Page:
Where to begin dissecting the manipulation and abuse on display in this video of Pentecostal preacher Damon Thompson casting demons out of young gay and lesbian women? Thompson, who heads up fiery youth ministry The Ramp in Hamilton, Alabama, employs every trick in the spiritual abuse playbook to coax his young congregation into outing themselves as gay and then stepping forward to be exorcised of their demons:
Ashton Elijah, who was at the meeting in the video, describes his experience:
Damon called upon those who were struggling with homosexual demons to come to the front and be “set free from sin.” He and members of The Ramp began to work the crowd into a frenzy as they labored to draw people out of the closet and onto the altar. At first, only a few guys and girls came forth. But, aided by music, the ministry leaders continued to pluck at the heartstrings of every struggling gay kid in the audience, promising that if they would only make themselves known, God would grant them the deliverance they so longed for.
Over a period of forty minutes, kids approached the altar one-by-one — some admitting to same-sex attraction for the first time in their lives. Some fell to their knees in brokenness, rocking back and forth as they prayed for absolution; others stood with their arms spread out as tears spilled from their eyes. By the end of the morning, dozens had approached the altar hoping to lay their burden down.
Thompson’s display is like a tutorial in spiritual abuse. I experienced a similar religious atmosphere time and again during my days in the charismatic movement (which you can read about in my essay “Fantastic Voyage: Surviving Charismatic Fundamentalism“). Thompson hardly tries to hide his manipulation, audibly encouraging the worship band to “pick it up” in order to heighten the atmosphere and get more troubled gay teens to come forward.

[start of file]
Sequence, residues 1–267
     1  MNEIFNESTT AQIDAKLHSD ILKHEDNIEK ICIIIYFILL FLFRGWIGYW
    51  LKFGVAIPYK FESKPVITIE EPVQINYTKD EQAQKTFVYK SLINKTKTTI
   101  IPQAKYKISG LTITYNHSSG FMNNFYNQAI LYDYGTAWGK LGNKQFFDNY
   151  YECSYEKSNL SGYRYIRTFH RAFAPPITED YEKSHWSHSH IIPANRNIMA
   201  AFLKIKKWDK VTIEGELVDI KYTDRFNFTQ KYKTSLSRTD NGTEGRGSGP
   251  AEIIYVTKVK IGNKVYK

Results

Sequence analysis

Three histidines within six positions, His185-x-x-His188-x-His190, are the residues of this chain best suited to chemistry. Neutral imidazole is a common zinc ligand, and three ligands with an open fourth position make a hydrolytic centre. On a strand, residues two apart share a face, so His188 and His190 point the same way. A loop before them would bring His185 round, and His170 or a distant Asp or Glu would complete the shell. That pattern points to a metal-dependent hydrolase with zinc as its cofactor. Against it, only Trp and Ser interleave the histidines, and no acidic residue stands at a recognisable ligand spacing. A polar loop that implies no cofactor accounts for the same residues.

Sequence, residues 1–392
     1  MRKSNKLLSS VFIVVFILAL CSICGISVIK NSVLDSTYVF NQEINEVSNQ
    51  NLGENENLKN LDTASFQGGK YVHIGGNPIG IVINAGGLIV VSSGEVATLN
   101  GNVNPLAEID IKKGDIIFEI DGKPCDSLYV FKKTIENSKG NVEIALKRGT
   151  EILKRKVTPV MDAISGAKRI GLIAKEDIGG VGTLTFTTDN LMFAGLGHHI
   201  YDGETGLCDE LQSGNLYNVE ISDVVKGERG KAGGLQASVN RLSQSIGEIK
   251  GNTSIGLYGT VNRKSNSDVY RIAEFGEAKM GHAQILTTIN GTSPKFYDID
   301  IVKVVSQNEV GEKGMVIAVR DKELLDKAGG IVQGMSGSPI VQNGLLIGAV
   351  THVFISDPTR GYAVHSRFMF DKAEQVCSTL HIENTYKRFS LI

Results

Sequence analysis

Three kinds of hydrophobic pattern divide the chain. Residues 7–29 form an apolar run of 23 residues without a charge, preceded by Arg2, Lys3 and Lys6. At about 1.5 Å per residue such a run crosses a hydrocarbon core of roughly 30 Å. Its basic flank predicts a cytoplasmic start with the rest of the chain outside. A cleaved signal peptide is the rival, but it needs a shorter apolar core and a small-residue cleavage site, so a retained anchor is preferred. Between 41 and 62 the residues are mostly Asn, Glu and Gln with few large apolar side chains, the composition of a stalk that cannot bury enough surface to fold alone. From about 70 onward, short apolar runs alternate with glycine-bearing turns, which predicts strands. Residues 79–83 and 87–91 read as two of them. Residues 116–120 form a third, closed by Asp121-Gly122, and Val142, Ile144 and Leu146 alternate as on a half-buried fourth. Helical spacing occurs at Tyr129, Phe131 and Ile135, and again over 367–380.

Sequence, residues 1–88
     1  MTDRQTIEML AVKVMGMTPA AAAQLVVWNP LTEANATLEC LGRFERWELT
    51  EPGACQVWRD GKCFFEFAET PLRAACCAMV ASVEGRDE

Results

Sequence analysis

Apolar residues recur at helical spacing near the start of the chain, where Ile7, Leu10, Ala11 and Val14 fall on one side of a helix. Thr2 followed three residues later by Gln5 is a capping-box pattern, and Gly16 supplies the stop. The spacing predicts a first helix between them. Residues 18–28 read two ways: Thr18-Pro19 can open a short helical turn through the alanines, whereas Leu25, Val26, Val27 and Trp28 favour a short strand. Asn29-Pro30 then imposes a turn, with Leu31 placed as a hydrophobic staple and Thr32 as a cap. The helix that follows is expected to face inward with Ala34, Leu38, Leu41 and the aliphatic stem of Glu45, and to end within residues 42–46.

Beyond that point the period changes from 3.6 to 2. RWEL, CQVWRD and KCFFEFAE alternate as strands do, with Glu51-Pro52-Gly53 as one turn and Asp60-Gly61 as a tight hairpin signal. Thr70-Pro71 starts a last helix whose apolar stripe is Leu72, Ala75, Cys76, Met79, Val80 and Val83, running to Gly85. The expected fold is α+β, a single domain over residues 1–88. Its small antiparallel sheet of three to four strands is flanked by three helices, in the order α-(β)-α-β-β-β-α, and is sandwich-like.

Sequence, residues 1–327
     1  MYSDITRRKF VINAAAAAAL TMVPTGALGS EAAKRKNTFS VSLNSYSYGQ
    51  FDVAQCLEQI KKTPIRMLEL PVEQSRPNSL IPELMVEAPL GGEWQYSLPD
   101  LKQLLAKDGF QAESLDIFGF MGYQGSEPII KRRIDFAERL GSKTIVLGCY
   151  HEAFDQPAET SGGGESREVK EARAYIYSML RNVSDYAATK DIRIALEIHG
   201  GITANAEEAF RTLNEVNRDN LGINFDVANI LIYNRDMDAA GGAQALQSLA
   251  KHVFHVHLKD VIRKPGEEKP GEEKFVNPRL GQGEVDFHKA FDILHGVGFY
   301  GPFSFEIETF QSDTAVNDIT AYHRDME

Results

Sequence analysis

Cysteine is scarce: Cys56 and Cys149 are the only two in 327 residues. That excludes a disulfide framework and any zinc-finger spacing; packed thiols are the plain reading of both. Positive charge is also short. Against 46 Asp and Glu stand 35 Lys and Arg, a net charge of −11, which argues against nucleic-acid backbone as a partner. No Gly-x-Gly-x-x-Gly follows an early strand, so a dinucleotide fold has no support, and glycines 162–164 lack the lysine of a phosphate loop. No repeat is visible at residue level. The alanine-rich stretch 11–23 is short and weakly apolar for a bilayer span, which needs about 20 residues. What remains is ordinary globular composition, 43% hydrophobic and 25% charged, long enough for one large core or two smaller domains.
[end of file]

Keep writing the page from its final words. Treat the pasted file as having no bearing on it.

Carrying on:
The first time I came out was at a similar Christian event — loud music, concert atmosphere, persuasive pleadings and emotional appeals from the preacher. Thankfully, for this extremely fearful 15-year-old, the ministry I received once I went to the front was more low-key. I was taken to one side and, after sobbing my confession, I received a relatively short prayer from a band member. Since homosexuality was just one of the “problems” and “sins” named by the preacher, it wasn’t evident to any of my friends why I was there.
So I wasn’t exposed quite like these young people, many of whom appear never to have admitted their sexual orientation until they were manipulated into coming out in front of video cameras and a live audience of hundreds. As Arni Zachariassen observes, it’s “a terrible way to come out of the closet.”
Not only terrible but disgusting, shameful and abusive.
H/T: Reader Jeremy